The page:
Making a Will

Sometimes, the unthinkable happens. Sometimes, tragedy strikes. Sometimes we find ourselves wishing we would have thought about “it.”

Writing a will, just in case, seems morose at best – and is gut wrenching to think about – but it can protect your loved ones – and who doesn’t want to do that?

My husband and I sat down to write our will earlier this year and it was a TOUGH day and a TOUGH week. Going through the questions caused me to get physically ill. The questions made my mind spin and put me in a terrible mental place – picturing all the things that could wrong.

What happens if my husband and I die together?

What happens if I die and my husband lives?

What happens if my husband is incapacitated?

On and on…

The questions were TERRIBLE – and the chances that any of it happens is slim—but I knew we couldn’t risk leaving the trajectory of our daughter’s lives in the hands of the court system. How is the court system (or our extended family) supposed to know what’s important to us if we don’t document it?

Before becoming a parent I used to associate the word “will” with “money” or “material possessions.” Now, I associate “will” with “stability” and “security.”


Here are some things to think about when making a will:

Think about whether you want to do it yourself, online or hire a lawyer.

There are pros and cons to each. If you’re not in a position to hire a lawyer, think about who you know in your personal and professional circles – maybe there is an opportunity for a referral (with a discount), or maybe there’s a possibility of an in-kind trade – you never know

Choose beneficiaries

Here’s where the “stuff” and “material possessions” come into play. For us – it was less about distributing it and more about making sure we chose an executor we trusted to guide our girls until they were of a certain age.

Choose an executor

An executor is the person who makes sure the will is executed. Ideally, it’s someone who you trust who will be unbiased and carry out your wishes. We chose a family friend who we love. The executor does not have to be a family member.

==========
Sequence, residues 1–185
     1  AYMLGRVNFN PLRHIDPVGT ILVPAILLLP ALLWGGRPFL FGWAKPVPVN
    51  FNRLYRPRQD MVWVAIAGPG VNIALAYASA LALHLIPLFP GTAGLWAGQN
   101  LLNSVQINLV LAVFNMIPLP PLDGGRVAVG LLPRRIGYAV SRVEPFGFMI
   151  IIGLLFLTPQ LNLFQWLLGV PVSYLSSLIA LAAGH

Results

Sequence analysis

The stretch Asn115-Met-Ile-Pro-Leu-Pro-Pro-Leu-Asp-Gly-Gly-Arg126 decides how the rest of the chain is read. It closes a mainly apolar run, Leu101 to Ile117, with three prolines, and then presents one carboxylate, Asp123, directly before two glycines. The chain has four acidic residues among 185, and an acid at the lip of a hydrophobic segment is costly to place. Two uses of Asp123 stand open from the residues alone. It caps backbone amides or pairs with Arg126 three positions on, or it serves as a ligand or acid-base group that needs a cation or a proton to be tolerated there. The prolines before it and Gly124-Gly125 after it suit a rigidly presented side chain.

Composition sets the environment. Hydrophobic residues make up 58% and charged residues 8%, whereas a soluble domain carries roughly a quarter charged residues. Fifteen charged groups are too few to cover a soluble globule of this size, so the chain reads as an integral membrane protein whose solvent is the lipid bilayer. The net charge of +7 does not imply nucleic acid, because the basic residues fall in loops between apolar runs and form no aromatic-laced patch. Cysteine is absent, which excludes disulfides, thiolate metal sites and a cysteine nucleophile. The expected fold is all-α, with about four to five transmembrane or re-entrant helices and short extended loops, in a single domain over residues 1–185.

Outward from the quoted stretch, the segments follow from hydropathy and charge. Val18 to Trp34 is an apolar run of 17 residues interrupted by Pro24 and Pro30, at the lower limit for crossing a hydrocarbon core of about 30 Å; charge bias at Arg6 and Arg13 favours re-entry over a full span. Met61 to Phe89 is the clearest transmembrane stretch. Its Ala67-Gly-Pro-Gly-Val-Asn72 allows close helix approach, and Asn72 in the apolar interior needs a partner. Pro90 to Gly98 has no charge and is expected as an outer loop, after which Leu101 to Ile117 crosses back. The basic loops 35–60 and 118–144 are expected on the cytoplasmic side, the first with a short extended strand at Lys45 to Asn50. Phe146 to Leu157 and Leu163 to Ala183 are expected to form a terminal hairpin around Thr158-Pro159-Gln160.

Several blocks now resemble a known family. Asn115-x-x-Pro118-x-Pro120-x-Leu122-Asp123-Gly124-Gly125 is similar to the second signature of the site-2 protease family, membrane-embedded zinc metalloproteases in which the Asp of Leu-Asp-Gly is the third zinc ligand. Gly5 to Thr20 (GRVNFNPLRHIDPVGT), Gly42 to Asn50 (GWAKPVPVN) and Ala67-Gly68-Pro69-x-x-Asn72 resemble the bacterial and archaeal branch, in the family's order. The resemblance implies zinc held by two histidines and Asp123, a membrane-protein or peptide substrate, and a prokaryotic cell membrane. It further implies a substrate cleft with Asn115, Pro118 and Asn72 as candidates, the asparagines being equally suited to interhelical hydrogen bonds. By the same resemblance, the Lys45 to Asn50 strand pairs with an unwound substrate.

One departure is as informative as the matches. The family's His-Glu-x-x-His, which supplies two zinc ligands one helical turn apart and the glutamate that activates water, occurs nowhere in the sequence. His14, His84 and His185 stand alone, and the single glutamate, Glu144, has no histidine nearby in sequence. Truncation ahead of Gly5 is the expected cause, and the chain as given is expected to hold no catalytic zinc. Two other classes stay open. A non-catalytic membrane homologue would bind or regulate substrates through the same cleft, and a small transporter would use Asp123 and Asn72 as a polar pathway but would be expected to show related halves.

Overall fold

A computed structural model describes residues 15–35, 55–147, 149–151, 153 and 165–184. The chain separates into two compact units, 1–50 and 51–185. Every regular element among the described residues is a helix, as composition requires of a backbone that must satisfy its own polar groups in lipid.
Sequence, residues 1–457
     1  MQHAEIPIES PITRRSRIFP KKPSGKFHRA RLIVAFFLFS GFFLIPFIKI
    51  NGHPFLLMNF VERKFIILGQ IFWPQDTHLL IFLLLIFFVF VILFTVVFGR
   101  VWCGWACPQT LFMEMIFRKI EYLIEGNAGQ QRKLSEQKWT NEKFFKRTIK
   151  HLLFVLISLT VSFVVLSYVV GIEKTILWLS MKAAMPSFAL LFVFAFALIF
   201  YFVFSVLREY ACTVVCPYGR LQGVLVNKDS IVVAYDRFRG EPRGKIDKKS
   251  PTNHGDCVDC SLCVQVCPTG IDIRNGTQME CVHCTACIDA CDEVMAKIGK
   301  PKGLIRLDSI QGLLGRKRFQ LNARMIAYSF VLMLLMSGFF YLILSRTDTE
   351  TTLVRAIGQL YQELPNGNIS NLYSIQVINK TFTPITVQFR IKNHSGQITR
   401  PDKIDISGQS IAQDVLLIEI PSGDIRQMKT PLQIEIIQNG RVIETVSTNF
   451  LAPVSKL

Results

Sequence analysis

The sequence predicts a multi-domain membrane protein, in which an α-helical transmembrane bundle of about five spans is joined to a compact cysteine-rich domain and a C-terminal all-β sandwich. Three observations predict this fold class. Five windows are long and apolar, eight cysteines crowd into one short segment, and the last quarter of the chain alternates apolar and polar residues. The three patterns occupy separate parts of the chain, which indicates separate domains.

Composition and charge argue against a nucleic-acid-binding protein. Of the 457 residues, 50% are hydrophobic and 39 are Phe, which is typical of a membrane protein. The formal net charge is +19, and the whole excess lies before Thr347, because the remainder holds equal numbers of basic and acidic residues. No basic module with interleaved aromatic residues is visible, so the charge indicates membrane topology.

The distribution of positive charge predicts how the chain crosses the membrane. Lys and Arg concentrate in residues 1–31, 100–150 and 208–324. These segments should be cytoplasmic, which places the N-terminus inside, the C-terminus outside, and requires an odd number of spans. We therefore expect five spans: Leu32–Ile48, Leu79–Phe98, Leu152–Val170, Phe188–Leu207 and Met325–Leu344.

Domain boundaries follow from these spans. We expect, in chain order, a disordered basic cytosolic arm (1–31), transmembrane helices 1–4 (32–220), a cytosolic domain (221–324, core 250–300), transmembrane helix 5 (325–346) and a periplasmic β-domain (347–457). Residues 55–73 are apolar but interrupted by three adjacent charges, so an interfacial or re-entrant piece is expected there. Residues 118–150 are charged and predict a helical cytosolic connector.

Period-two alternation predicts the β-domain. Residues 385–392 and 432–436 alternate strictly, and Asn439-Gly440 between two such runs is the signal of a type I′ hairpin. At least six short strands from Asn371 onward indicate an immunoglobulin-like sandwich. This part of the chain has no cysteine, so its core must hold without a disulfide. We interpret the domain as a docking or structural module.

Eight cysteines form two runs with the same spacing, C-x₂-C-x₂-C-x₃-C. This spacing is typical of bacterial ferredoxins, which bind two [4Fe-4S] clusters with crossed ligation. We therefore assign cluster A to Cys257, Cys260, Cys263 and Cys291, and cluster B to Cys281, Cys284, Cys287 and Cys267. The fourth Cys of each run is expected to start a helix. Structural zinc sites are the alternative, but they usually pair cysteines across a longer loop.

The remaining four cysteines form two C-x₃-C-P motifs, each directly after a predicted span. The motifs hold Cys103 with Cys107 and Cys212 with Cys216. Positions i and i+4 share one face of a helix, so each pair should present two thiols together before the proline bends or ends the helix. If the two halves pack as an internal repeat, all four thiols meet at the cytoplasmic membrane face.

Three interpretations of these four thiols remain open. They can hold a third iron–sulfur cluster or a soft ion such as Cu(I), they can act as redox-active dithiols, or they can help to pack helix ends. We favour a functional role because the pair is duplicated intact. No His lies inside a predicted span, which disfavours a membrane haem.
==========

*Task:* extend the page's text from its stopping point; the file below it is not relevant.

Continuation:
Pick a guardian

This is HUGE. Who do you want to take care of your child or children? And if you want “Aunt Betty” to, does “Aunt Betty” also want that?

Things we considered before choosing a guardian were: temperament, age and stage of life, their relationship with our daughters, judgment, and joy.

Once my husband and I decided on someone, we approached the person as asked them whether caring for our girls forever more was something they were open to.

Always check in before assuming someone will take on such a grand honor/responsibility.

Stay calm and take your time

Like I said before, writing our will made for an emotionally tough day and week. The what ifs are endless. Try to take deep breaths and stay in a place of calm – you are making decisions for your family should the unthinkable happen.

No need to rush it. If you start making a will and become overwhelmed, set it down come back to it later.

Save and store your will

After making the will, you’ll want to store it for safe keeping. Leave a few copies at different places: your computer, a fire proof safe, a safety deposit box, a filing cabinet where other important paper work is filed and stored.

Remember to update your will

Change happens, that’s why you’re thinking about writing a will in the first place. As friendships and relationships evolve and devolve, check back in and review your will, “Do I still feel the same way?” “Is there someone who is better suited to care for my child” “Are there any changes I want to make?”

Thinking about making a will is the worst, but in the event of tragedy, it could make healing just the tiniest bit easier.

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